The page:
April 21, 2008

College graduation

The new Ed Sector report by Kevin Carey, Graduation Rate Watch, summarizes some of the material available from the IPEDS 6-year graduation measures for four-year colleges and universities. The main point is that there are vast differences within different higher-ed sectors not only in 6-year graduation stats but also Black-White differences in graduation. He correctly points out that some institutions such as Florida State have programs that appear at first glance to provide substantial support to first-generation college students, support that increases the likelihood of graduating.

Kudos: the interesting slice of IPEDS rates, with the appropriate hedges/caveats; the nod to Vincent Tinto's work; the acknowledgment of Cliff Adelman's suggestion for improving the IPEDS measures; the observation that U.S. News & World Report rankings largely diss graduation rates as ways to distinguish institutions; the recommendation that financial aid be shifted away from its merit-based emphasis today and back towards means-testing; the observation that funding enrollment does not provide a strong incentive for retention programs.

Kumquats: the continued push for a national unit records database. I think that's the only DOA suggestion in a compact, complex report. I may disagree with some other ideas, but the report on the whole is thoughtful and presents issues in a clear way. I might want a bit more use of the current college-retention literature, but I can't point to specifics because that's outside my area of expertise.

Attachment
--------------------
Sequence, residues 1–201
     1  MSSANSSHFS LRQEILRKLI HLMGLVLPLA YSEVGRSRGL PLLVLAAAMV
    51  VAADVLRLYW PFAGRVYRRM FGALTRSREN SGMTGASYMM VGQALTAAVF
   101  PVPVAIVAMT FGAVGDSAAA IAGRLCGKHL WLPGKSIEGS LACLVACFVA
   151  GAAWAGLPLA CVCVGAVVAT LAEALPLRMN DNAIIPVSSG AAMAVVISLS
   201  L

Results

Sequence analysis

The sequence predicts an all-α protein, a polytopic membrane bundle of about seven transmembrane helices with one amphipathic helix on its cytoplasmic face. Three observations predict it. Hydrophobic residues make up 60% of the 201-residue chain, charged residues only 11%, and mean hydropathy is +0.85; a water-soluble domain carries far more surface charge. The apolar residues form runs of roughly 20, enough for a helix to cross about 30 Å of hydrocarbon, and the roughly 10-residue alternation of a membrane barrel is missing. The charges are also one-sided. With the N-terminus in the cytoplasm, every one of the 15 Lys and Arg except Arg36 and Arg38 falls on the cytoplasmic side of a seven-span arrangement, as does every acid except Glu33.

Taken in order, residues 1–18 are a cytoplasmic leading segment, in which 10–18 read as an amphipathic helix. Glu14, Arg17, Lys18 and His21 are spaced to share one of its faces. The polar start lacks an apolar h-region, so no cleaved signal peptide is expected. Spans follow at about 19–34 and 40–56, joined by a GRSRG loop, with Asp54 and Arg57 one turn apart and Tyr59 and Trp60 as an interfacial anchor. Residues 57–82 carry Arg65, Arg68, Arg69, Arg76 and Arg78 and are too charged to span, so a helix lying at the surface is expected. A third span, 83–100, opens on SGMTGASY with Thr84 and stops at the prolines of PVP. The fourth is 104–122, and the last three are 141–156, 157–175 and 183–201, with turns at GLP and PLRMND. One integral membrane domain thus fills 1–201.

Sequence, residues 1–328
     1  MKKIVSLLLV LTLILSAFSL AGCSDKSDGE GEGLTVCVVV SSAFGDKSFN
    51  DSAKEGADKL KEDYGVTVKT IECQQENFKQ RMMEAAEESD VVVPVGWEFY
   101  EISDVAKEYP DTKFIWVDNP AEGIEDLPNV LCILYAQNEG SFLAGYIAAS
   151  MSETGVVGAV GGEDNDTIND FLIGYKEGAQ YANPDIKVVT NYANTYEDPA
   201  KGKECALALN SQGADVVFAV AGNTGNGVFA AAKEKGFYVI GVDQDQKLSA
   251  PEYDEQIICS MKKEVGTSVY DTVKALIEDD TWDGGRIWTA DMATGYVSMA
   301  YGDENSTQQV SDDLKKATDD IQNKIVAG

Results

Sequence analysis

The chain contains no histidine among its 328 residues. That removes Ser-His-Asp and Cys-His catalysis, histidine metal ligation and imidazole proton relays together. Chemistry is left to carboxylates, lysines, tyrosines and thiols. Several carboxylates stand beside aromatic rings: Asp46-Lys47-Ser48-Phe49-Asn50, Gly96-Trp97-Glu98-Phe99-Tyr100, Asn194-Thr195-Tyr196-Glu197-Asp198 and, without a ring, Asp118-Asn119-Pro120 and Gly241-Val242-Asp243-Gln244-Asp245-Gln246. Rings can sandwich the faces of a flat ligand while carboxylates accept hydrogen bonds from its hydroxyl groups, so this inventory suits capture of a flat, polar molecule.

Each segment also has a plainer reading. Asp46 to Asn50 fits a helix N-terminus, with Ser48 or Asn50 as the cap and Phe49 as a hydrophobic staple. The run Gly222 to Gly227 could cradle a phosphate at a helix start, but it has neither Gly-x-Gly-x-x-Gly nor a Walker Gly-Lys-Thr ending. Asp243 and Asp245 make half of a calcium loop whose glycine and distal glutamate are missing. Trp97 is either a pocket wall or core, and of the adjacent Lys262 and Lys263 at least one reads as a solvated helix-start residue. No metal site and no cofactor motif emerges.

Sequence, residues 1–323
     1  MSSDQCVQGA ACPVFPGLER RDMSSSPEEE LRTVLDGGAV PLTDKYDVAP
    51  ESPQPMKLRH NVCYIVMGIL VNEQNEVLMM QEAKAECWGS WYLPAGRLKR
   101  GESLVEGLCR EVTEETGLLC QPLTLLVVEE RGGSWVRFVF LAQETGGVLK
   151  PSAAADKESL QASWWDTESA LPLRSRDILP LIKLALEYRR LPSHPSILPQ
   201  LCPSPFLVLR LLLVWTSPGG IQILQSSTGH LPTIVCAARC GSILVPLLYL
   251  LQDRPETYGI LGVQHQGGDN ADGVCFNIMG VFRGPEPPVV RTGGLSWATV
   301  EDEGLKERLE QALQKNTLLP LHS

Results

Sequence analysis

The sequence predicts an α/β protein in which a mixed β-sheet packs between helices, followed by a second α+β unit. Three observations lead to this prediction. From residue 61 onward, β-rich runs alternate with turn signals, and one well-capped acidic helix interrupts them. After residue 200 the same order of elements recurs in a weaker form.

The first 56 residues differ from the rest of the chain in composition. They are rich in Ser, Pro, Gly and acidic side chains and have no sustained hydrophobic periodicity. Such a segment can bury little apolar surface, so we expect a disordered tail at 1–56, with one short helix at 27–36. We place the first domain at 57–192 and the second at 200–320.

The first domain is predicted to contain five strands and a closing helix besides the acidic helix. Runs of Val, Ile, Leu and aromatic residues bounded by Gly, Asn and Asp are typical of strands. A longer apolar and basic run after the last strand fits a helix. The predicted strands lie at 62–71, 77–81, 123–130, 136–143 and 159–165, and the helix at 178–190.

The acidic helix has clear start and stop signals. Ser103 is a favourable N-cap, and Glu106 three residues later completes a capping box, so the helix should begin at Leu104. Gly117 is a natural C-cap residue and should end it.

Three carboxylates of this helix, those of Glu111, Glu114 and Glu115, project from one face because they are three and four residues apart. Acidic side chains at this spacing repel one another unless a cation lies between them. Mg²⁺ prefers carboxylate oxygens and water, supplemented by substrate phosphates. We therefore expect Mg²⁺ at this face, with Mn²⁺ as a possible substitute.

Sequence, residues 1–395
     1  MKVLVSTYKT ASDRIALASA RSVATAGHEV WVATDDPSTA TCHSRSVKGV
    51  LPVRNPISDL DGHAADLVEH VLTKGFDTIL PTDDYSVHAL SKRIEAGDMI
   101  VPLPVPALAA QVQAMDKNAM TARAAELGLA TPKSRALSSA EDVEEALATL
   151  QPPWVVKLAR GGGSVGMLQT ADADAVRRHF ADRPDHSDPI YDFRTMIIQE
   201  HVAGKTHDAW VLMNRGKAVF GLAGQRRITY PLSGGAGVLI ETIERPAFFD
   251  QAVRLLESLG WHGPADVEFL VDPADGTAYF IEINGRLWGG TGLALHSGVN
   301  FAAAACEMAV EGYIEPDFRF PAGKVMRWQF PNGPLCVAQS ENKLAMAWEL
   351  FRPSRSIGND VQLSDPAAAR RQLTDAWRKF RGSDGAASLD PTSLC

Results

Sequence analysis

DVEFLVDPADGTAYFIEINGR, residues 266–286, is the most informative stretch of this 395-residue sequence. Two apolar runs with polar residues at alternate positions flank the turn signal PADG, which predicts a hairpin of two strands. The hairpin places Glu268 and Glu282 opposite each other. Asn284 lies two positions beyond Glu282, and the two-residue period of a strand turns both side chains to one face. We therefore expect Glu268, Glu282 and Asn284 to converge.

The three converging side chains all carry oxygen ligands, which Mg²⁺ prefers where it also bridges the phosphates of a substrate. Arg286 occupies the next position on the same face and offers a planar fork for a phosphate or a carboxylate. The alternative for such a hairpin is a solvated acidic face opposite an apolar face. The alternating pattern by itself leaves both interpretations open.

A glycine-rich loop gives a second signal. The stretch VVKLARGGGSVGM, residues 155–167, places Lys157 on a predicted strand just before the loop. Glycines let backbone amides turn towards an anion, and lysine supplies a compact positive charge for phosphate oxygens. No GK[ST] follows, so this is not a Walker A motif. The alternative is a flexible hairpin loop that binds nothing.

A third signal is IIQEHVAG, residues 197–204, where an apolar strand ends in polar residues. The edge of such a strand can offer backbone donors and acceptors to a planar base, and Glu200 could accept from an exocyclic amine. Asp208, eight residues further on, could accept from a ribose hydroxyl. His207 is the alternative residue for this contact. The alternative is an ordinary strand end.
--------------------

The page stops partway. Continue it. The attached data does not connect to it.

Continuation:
Some broader issues that complicate efforts to increase undergraduate graduation:

  • A large proportion of college students are in community colleges, and programs that focus on first-time-in-college students at universities are great... and limited to that sector of higher education.
  • Part-time students are a serious puzzle in terms of retention and even measurement. In many states, part-time students have a much harder time getting aid (in part because they are often older, and in part because of minimal-credit requirements). They also have competing obligations, are on campus less frequently, etc. I love older students in my classes for very selfish reasons (they are more mature, they help teach their classmates simply by being there and talking about their lives), but I'm not sure who has cracked the practical challenges that part-time students present for themselves and for their colleges.
  • Health crises can turn a student with marginal success into a student who has dropped out, and young adults are among the least likely Americans to have adequate health insurance.
  • Institutional pecking orders are hard to pinpoint, and they can shift rapidly: witness Florida, where reduced funding is pushing most of the state's public universities into being far more selective. My guess is that graduation rates will rise in 4-5 years, but while some institutions (including mine) are figuring out how some concrete steps to increase student success, some part of that will be a selection effect. So making comparisons with "peer institutions" may be a difficult enterprise.
  • Measures focused on undergraduates make it somewhat more difficult for graduate-focused institutions in any incentive system. States need to be flexible and negotiate the systems with institutions, or they are likely to provide odd advantages to some institutions over others, advantages that will only be discovered after the fact.
And those are the issues that are apparent to me without knowing the higher-ed attrition/retention/graduation literature. There is one faculty colleague at USF who focuses on higher-ed attrition, and there are IR gurus for whom this is an occupational focus, so I do have local resources... now I really need that Time-Turner. But for now, it's 11:30 pm, and I still need to provide feedback on a student thesis...

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Posted in Education policy on April 21, 2008 11:31 PM |